Olea europaea (Olive)
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Olives on tree, Houwhoek, Western Cape. [photo H.
Olives stones have been found in archaeological sites
dating as far back as 9000 BC, although only from about 3500 BC is there clear
evidence of domestication (in the Mediterranean region). In order to make olives
palatible, they need to be soaked in alkali liquid to extract a bitter glucoside
The name Olea europaea applies to both the wild and
domestic Olive. The wild Olive or Oleaster has a disjunct distribution in the
Mediterranean region, the near East and down to South Africa. Evidence of olive
stones from archaeological sites in the Near East and Cyprus suggest that olives
have been consumed since about 9000 BC although it is only from 3500 BC that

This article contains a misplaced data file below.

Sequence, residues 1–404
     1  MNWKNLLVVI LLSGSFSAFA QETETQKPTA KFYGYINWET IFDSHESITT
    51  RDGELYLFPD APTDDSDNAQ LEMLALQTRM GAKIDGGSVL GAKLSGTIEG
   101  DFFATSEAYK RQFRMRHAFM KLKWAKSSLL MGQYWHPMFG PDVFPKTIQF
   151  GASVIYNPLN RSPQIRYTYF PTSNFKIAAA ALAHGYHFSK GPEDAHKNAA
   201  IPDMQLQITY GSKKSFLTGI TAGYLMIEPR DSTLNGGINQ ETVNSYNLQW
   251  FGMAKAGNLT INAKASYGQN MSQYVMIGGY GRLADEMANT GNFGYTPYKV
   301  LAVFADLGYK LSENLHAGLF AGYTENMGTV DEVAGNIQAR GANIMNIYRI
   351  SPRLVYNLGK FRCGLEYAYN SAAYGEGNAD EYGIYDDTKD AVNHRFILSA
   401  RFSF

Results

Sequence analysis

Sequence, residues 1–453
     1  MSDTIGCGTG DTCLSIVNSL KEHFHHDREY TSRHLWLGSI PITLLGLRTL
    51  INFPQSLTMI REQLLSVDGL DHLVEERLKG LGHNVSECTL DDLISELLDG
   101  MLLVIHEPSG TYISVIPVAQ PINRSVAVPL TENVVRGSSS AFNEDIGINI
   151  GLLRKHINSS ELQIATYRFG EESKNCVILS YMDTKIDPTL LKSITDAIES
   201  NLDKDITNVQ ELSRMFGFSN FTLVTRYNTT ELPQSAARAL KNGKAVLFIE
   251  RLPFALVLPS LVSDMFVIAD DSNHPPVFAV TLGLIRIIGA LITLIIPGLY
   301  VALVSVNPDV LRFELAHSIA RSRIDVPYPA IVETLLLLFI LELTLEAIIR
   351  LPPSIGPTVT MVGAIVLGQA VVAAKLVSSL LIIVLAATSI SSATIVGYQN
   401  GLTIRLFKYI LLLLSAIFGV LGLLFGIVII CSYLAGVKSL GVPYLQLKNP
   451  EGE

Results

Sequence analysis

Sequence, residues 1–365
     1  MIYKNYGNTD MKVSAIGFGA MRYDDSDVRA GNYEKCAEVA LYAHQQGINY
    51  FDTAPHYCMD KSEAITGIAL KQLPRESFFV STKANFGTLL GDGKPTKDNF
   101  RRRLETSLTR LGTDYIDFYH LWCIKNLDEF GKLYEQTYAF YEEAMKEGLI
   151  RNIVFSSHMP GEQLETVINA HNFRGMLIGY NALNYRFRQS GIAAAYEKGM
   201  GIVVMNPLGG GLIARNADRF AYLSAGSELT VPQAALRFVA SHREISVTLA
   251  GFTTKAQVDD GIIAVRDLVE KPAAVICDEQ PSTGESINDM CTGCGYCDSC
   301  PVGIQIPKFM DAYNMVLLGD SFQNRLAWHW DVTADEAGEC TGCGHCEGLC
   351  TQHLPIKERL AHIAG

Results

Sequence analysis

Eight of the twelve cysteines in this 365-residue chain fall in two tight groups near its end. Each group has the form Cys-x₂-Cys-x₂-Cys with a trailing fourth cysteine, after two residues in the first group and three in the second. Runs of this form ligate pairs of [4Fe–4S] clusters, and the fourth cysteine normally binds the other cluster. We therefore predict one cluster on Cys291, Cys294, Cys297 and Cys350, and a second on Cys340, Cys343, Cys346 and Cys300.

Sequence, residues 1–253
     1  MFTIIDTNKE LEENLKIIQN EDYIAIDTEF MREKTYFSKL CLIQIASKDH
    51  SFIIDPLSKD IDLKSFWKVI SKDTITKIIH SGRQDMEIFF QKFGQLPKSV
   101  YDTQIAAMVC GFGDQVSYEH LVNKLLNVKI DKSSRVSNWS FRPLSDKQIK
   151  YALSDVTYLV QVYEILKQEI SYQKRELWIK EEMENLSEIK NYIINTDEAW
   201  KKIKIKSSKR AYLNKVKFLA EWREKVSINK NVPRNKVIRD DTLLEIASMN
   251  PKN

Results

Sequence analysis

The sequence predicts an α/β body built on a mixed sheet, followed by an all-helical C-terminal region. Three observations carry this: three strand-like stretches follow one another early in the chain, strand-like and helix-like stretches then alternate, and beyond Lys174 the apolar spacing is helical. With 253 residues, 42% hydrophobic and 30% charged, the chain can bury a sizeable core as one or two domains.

there is clear evidence of domestication. Consumption of olives is not
straightforward because they contain a bitter glucoside which is removed by
soaking them in alkali liquids and pickling them in brine. Olives are most
commonly linked to Greece and this country has a long tradition of olive
cultivation and utilisation. By 1300 BC, Greek palaces had rooms devoted to
storing jars full of olive oil.
Olive cultivars are normally propagated vegetatively
either through rooting of cuttings or by grafting onto rootstocks. An olive tree
can live for hundreds of years and with vegetative propagation used so
extensively, many cultivars have remained little changed over thousands of
Although the primary area of Olive cultivation still lies
in the Mediterranean region, Olives are also cultivated in other parts of the
world such as California and South Africa.
Sauer, J.D. 1993. Historical geography of
crop plants - a select roster. CRC Press, Boca Raton, Florida.